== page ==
Three prestigious German museums in the field of archeology are working together to open up the field of archaeology by developing new digital formats and new working methods that centre new and existing visitors. This initiative is funded by the Kultustiftung des Bundes (German Federal Cultural Foundation). NEEEU joined as a digital and strategic partner to co-design the digital transformation strategy and lead the creation and implementation of new digital games and products.
This project - spanning three years - will use games and digital applications to increase the number of digital and physical visitors to the museums. Concurrent cultural transformation, facilitated by NEEEU, will ensure each museum has both the necessary tools and the confidence to secure the long-term application of digital technologies within their unique spaces.
We worked with the museums to ensure that the entire process included visitors and non-visitors. We co-created a corporate project identity, outreach strategy and associated communications materials which, when promoted on the museums’ social media channels, led to over 100 applications to join the project. This represents a real proof of concept for the idea that co-creation models can help organisations reach a specific target audience in their language.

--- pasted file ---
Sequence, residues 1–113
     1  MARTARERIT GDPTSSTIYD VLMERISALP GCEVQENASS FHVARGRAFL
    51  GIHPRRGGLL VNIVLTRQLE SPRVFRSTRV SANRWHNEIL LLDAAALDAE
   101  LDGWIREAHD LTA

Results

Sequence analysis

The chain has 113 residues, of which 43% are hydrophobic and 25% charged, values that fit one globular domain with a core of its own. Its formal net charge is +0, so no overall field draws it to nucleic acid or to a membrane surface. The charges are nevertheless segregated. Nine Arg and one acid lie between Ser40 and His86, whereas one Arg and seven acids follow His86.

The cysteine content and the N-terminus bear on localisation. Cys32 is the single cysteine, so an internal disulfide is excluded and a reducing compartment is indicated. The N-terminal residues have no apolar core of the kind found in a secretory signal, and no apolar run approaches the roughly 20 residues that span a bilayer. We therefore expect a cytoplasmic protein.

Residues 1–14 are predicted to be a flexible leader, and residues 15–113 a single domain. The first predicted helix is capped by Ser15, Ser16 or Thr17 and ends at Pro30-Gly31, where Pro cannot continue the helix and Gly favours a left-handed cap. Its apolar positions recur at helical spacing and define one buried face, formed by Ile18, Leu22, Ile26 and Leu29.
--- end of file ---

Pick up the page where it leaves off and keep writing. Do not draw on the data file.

Through a series of 10 workshops with museums, we set out to answer the question, how can we anchor a culture of digitality in each organisation? NEEEU’s role was that of facilitator and conceptual advisor. We entered into communication with the museum staff, visitors and non-visitors, experimenting, discovering and developing together.
At this stage of the project, we have co-created a native game application called “Jo’s Memory” (working title) which is a single player, hidden-object puzzle adventure game where the player has to solve puzzles based on contemporary archaeological challenges. The game allows visitors to playfully - in the sense of a serious game - take on the role of archaeologists and explore archaeological (object) history.